Prepare to be shocked

One day I sat down beside the track, Grand Prix about to commence, and touched a live wire. I sprang to my feet, clutching my wrist. The pain wasnt that bad but I nevertheless resolved to try and avoid electric shocks in future.

This I have managed to do for more than 30 years, but Im growing concerned that should a policeman ever choose to interpret my impeccably well-mannered demeanour as non-compliance, I could find myself on the receiving end, not of a piddling shock of the sort I got from my slot car racing set but the 50,000 volts delivered by a Taser stun gun.

From tomorrow, police officers in ten forces across the UK are taking part in a pilot that, for the first time, will see non-firearms trained officers able to use Tasers in a wider set of circumstances. Weve been doing lots of local radio, TV and newspaper interviews about it.

Amnestys concerned that the UK could go the way of the US, where Tasers have been used not just in life-threatening situations but for something as trivial as talking back to a police officer.

Since 2001 weve found that more than 220 people have died after being shot with Tasers in the US.  In many of these cases, the coroner listed the use of the Taser as a contributory factor or indeed a direct link to the death.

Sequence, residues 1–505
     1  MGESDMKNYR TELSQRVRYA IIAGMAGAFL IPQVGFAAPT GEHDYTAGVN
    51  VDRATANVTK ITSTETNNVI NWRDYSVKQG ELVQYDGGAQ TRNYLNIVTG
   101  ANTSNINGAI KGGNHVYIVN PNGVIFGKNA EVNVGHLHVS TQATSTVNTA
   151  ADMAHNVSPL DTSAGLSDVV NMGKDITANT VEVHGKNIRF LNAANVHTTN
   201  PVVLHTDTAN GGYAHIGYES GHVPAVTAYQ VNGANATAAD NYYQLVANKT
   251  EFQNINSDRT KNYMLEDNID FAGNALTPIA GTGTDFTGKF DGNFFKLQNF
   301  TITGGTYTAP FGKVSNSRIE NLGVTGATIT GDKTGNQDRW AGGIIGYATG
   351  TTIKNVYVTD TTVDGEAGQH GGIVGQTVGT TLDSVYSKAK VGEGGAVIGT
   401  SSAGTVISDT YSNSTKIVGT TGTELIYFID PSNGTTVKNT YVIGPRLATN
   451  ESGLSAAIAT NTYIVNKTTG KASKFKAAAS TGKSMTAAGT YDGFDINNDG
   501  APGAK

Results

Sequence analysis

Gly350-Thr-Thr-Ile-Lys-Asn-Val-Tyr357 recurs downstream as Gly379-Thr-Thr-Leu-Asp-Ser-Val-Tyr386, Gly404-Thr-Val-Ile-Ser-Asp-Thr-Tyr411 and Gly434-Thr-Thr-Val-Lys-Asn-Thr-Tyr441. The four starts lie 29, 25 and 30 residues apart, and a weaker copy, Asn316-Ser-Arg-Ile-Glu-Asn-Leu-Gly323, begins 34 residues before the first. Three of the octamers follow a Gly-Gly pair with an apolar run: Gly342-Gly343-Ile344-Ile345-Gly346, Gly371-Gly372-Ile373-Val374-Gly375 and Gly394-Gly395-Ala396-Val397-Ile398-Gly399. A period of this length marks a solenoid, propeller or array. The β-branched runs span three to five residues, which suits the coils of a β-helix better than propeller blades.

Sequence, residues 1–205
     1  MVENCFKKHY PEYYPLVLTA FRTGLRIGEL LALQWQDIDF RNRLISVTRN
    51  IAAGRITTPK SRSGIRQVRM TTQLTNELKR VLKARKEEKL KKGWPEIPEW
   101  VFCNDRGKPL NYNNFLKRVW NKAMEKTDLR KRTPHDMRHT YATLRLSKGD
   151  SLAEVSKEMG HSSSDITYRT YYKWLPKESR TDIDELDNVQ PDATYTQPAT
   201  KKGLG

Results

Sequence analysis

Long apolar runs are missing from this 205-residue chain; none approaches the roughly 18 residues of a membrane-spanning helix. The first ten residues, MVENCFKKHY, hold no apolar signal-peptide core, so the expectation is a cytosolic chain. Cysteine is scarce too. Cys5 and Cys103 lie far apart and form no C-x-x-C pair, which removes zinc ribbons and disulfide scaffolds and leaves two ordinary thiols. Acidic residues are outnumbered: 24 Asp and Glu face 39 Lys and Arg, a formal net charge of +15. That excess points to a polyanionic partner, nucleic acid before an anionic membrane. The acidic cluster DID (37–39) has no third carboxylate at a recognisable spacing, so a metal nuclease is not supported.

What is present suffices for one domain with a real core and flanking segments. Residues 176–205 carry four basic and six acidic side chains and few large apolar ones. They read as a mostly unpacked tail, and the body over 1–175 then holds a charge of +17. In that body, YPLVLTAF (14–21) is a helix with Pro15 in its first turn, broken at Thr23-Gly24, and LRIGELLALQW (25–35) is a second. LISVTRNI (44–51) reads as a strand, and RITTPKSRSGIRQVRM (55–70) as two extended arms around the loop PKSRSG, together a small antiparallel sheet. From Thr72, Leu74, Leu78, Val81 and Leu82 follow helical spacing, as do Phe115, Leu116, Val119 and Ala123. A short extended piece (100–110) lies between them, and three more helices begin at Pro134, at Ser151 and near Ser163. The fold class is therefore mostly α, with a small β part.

Theres a lot at stake here not just for those who might potentially find themselves on the receiving end of a Taser but for all of us who value the UKs traditional model of an unarmed police force.

Some good news. Kenneth Foster has had his death sentence in the US commuted at the eleventh hour. He hadnt carried out the killing but was driving a getaway car. Happily, we no longer have the death penalty in this country. Why are we so keen to emulate the US when it comes to law enforcement measures such as Tasers?

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Our blogs are written by Amnesty International staff, volunteers and other interested individuals, to encourage debate around human rights issues. They do not necessarily represent the views of Amnesty International.
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